Don't ask that

Every business owner is excited when it is time to add employees. That accomplishment says you are doing all the right things and growing your company. So when it comes time to sit down with the applicants wanting to join you, you want to be sure to ask the right questions. Of course, that means there are some wrong questions that you don’t want to ask. Let’s talk about those first. Some of the examples may seem a bit silly, but they illustrate the inadvertent traps that exist.

“Oh, that’s a great school. I love their mascot! Were you there when so-and-so coached the team?”

Obviously, in this example, it doesn’t matter if you actually love the school’s mascot or miss a particular coach, the issue is you can’t try to back into someone’s age.  A similar type of question is “How long do you plan to work until you retire?” Again, it is fishing for an age, and it also tells someone you think they appear old.

“Wow! You’re tall. I bet you played basketball in school, right?”

It may seem like just a continuation of March Madness excitement, but it can lend itself toward disability-type responses. For example, someone may be tall or short based on a genetic condition. This line of questioning should also avoid weight or other appearance inquiries. A similar type of question to avoid here is “That’s an impressive scar – how’d you get that?”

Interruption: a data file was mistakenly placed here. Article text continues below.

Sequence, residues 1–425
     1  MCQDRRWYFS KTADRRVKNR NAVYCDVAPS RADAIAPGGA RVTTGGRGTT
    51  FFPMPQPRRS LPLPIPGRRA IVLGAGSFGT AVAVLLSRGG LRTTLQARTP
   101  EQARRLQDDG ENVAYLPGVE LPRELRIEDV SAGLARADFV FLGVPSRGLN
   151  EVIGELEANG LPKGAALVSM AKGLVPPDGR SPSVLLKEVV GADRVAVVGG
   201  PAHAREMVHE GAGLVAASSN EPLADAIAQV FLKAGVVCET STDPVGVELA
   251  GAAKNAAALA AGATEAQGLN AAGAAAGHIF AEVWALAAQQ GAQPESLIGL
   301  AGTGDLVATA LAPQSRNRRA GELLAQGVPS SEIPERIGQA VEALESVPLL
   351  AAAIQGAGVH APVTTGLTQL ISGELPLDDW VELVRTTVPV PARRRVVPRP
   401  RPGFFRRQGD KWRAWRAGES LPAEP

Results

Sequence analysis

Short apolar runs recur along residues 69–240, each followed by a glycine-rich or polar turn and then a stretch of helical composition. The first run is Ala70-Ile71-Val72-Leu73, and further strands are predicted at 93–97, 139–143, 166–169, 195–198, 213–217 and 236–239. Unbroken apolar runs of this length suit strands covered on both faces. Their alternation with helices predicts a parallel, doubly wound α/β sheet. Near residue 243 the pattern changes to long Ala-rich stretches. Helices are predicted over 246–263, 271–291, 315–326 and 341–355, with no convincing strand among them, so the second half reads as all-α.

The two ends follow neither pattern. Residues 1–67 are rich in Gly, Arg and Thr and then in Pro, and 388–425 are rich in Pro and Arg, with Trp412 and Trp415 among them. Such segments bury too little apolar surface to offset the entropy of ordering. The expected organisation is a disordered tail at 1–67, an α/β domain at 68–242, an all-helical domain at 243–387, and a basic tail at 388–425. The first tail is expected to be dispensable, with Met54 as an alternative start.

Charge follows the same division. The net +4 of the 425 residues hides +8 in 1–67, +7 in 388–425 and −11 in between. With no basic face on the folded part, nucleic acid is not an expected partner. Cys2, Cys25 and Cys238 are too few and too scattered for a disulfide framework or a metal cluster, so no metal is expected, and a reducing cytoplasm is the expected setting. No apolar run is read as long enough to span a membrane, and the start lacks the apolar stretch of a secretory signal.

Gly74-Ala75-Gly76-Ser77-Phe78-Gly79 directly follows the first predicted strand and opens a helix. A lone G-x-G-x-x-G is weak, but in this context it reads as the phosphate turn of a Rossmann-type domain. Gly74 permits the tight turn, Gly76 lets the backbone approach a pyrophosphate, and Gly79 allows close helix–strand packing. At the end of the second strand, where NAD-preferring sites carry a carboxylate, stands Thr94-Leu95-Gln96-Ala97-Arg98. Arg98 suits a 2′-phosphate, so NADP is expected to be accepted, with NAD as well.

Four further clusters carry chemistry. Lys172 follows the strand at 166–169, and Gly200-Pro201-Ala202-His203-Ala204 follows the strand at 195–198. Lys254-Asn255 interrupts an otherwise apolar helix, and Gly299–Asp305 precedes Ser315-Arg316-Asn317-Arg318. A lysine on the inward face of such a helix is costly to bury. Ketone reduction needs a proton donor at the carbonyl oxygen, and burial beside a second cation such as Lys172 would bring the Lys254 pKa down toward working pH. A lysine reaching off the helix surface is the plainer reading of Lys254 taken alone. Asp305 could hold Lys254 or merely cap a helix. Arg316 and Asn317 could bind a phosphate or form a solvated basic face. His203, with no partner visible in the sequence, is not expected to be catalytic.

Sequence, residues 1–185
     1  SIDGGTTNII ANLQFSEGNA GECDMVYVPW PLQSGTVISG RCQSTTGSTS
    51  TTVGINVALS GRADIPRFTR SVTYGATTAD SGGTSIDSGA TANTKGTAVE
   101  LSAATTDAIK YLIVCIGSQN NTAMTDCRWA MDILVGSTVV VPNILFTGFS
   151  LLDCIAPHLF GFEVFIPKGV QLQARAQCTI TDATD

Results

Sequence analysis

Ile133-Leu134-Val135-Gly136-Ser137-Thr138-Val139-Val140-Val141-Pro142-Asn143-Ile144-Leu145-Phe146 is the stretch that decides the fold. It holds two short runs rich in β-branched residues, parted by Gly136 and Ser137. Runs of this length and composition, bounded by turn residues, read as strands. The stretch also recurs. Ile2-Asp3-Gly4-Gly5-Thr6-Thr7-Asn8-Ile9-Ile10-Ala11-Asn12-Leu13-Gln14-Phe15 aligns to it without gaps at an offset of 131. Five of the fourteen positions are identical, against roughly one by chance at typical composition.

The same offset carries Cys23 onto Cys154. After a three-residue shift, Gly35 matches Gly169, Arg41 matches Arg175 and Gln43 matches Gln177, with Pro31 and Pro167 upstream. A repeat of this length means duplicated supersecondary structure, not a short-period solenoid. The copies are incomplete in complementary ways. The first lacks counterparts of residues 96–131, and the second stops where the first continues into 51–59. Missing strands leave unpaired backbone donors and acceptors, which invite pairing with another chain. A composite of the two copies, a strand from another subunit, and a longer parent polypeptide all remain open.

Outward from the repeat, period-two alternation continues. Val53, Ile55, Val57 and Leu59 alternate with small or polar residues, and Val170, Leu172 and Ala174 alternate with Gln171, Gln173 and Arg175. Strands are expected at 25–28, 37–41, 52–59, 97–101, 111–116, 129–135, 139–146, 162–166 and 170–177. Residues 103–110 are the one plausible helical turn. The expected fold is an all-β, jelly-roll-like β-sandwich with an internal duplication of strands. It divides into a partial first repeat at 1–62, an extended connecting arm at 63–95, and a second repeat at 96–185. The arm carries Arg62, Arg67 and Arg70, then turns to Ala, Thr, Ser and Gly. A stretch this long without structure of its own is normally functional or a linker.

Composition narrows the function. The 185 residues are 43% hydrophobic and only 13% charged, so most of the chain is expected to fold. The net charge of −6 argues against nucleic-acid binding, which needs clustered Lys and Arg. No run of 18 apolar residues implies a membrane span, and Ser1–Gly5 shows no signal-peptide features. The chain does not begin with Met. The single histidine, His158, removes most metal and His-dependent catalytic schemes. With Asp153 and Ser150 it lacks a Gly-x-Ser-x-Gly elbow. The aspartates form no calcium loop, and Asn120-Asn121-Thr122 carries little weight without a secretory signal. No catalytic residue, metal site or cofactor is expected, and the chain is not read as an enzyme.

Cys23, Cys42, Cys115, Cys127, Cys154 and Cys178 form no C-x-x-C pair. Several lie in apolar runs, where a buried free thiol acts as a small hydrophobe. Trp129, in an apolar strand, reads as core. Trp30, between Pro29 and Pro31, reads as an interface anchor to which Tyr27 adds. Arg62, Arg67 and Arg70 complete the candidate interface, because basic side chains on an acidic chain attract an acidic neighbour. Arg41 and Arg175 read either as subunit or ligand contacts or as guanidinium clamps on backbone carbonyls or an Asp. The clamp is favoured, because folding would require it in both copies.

“Do you drink socially?”

Your team may love Thursday night cocktails together, but you can’t ask an applicant if they intend to participate. This can run afoul of disabilities legislation. A similar type of question to avoid is “Do you do drugs?” This can go to disabilities and other protected health information (i.e., the applicant takes daily medication for a chronic illness). The EEOC (which enforces the federal anti-discrimination statutes) considers prior alcohol and drug addition to be disabilities that are protected.

“You have a beautiful accent – where is it from?”

They may have one and you may honestly love it, but obviously, questions that go to someone’s national origin or ethnicity are prohibited. Similar types of question here that should be avoided are “What country are you from originally?” or “Where did you learn all of those languages?”

“Is that your married name? It’s so pretty.”

While this may be normal getting to know you question when you’re out with someone over coffee, they are unacceptable in an interview context. The question elicits information about martial status, familial status and sexual orientation. And depending on the last name, it may also go to ethnicity and national origin. A similar type of question to not ask is “What does your spouse do for a living?”

“Any kids yet? Want a big family?”

Basically, questions about reproductive capability and interests are all off limits. Similar types of questions to avoid are “Who will watch the kids when you’re at work?” and “If you get pregnant, will you become a stay-at-home mom?” Naturally, these questions tend to be directed most at women.

“What clubs or groups do you belong to?”